The Artist and the Data Model

(Translation: 3.1 Data Modelling)

Its been a while since the last post, mainly because I’ve had to dig deep to get this week’s work done. But I tried not to just rush it to completion because this week was just like the work we did with prototyping - an important part of the foundation.

The first task for this week was creating a data model for our application.

What is a data model?

A data model is an abstract model that organizes elements of data and standardizes how they relate to one another and to properties of the real world entities.A data model explicitly denotes the structure of data in graphical form.

Why create a data model?

When you create a data model, it makes you focus on the details. Also, you can present your model to a person and gather feedback/ideas before starting development. Even if it’s a business-oriented person (usually the customer) who does not understand the details of creating software, data models work as a common language and enable mutual understanding.

Different stages of this process will require representations of different complexity and detail. There are three styles/levels of data models that are usually used:

  1. Conceptual
  2. Logical
  3. Physical

The models evolve from ‘Human-oriented’ to ‘Computer-oriented’.
Instead of describing each in detail, I will use this table which manages to capture their properties and differences perfectly:

Source: Data Modeling for Big Data apps - LinkedIn.com

With that understanding of data models, I can now discuss the one that I designed for my application.

Refer my previous blog-posts if you would like to get some context about what I will be discussing:

Idea:

Prototype:


Time to dive in to my data modelling process.

Stage 1: Pencil and paper (as always)
Before I started working on a data modelling software, I wanted an outline of the model that I would be making, so that I could just fill in the details. To get this done fast, I just sketched it on a piece of paper (the other side of the same page on which I made my prototype! Talk about saving trees!)

Same camera. Same horrible quality.

Even though I did not know the features of Conceptual and Logical data models at the time of making this diagram, I think I have captured them appropriately here. To me, this is a great indicator of how intuitive the design process stages are, if you take small steps.

As you may notice later, my final data model is not exactly like the one I have made here. Also notice the ‘?’ after the ‘categories’ attribute in the User entity. This was because I had not yet been able to decide how I would be implementing a multi-valued attribute.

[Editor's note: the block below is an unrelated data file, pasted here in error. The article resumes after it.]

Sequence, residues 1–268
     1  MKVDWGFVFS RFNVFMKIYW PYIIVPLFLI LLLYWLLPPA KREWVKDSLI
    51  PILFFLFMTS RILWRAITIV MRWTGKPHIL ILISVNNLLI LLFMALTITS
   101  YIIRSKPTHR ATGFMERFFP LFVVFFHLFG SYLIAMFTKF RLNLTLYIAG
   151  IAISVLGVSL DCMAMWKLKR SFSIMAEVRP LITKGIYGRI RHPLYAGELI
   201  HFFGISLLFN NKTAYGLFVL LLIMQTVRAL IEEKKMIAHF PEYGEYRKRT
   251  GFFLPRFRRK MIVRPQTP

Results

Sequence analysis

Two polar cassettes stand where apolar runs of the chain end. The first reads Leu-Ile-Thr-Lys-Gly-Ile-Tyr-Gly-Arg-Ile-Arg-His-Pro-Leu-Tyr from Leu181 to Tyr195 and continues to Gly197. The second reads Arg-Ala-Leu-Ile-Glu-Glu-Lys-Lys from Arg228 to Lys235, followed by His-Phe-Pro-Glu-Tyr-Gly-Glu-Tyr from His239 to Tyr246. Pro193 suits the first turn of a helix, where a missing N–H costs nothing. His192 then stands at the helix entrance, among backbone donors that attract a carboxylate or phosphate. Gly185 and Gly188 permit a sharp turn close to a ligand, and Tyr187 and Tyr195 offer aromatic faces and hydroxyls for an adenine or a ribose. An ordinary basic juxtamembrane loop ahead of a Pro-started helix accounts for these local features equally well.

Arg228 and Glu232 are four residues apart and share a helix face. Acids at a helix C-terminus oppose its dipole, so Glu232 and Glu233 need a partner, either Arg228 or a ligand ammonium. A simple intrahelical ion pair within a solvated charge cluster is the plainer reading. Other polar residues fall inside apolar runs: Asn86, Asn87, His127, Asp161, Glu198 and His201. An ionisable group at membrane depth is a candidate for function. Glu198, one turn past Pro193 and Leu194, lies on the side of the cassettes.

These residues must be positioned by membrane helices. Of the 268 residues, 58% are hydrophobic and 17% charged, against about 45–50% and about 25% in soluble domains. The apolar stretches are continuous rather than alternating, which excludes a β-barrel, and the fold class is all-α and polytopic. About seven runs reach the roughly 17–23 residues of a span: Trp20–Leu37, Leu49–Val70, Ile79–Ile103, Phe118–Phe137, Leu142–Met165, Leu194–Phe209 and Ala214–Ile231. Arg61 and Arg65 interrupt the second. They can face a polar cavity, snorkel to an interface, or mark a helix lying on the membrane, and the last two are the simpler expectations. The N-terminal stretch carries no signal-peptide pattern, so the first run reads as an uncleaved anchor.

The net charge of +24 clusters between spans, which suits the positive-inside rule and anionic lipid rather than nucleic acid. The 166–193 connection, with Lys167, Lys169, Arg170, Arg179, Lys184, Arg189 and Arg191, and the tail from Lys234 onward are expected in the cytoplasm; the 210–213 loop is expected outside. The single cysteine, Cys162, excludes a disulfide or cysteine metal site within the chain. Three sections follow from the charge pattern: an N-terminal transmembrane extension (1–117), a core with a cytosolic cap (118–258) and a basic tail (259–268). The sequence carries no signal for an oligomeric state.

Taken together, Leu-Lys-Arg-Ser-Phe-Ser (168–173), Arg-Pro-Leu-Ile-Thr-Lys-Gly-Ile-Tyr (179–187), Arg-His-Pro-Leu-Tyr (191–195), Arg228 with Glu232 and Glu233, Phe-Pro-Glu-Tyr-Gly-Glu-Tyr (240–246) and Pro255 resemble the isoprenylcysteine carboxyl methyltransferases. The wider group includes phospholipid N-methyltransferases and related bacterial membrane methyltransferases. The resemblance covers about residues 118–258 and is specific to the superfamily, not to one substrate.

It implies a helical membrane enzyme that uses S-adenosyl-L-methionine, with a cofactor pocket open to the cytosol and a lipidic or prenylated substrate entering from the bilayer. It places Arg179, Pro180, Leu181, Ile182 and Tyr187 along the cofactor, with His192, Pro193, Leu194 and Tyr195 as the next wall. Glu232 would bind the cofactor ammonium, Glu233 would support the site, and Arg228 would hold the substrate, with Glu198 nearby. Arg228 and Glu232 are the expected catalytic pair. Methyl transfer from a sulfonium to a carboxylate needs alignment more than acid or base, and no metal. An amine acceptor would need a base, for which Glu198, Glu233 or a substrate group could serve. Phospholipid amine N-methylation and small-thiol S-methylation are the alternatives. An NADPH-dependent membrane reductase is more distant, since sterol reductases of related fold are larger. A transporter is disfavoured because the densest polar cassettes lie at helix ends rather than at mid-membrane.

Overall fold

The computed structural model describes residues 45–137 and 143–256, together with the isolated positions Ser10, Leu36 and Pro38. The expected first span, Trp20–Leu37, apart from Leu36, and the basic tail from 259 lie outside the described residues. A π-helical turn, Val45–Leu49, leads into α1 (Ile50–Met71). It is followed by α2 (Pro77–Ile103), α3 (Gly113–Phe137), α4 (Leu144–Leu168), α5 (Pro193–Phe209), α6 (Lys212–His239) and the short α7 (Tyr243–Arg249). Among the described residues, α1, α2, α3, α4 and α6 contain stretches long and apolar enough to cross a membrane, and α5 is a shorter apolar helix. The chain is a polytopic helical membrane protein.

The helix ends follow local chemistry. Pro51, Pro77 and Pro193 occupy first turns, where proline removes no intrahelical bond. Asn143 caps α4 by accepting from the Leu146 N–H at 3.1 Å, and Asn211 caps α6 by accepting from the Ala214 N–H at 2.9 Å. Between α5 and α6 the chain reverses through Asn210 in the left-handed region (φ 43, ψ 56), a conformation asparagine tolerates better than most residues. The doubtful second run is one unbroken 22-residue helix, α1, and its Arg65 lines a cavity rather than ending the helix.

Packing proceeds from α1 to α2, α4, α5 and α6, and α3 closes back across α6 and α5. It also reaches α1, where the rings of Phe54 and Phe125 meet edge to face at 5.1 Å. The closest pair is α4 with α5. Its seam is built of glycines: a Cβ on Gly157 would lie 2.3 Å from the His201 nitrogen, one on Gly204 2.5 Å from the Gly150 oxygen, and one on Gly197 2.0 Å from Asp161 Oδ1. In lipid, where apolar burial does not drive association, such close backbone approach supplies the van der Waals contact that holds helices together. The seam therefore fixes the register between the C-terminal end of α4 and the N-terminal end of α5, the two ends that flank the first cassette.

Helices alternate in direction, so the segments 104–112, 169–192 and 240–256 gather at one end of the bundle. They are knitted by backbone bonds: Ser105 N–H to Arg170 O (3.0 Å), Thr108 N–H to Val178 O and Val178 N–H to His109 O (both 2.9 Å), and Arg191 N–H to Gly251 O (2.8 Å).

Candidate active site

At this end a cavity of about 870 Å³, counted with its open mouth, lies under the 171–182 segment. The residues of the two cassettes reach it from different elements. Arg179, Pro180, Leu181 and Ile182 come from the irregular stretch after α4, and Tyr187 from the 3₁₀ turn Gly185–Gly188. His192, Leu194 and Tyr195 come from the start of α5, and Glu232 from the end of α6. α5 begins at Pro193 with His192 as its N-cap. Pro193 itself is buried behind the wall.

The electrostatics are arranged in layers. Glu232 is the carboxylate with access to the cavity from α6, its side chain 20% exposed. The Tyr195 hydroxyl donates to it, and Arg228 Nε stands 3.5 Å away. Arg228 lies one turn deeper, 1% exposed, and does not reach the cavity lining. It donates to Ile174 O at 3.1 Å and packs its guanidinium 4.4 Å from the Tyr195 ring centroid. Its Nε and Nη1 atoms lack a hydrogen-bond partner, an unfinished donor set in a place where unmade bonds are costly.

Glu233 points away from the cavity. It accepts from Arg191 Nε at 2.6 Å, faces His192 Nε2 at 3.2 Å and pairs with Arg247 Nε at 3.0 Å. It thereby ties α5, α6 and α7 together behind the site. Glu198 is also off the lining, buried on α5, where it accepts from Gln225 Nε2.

These highlight the fact that I used this an iteration in my process in order to have a base to improve upon later, instead of listing out details from scratch.

Stage 2: Data modelling software - Vertabelo
Now that I had the basic idea in front of me, it was simply a task of choosing an appropriate software and translating the sketch into a schema with details.
For the software, there were many good options such as DbDesigner.net, LucidChart and PonyORM (which was recommended in one of our webinars). However, I ended up using Vertabelo, mainly because it had all the features I was looking for (while the other options had a feature or two missing, or just implemented differently). There is one drawback to Vertabelo: it is available only on Safari and Chrome; this was not a problem to me since I had Chrome installed.

Finally, the complete data model:

I will briefly discuss the tables, views and relations in this schema.

User: Captures all the information required for a particular user (recall that only registered users will be using this application). Apart from the obvious ‘uid’ (primary key), ‘username’ and ‘email’, it has the ‘type’ attribute which denotes whether the user is a Helpee or Helper. The dual state of this attribute made me put it down as a boolean, but I will decide if I want to implement it so. The ‘available’ attribute denotes the Offline/Online status of the user, to be implemented as a boolean. This is important since in the application, Helpers will only be able to respond to Helpees who are online.

Problem: Captures all the details for a particular problem; ‘pid’ (primary key), ‘category’, ‘title’ and ‘description’. Additionally, ‘solved’ denotes the solved/unsolved status of the problem and hence, is a boolean. This is important since only unsolved problems will be displayed for the users.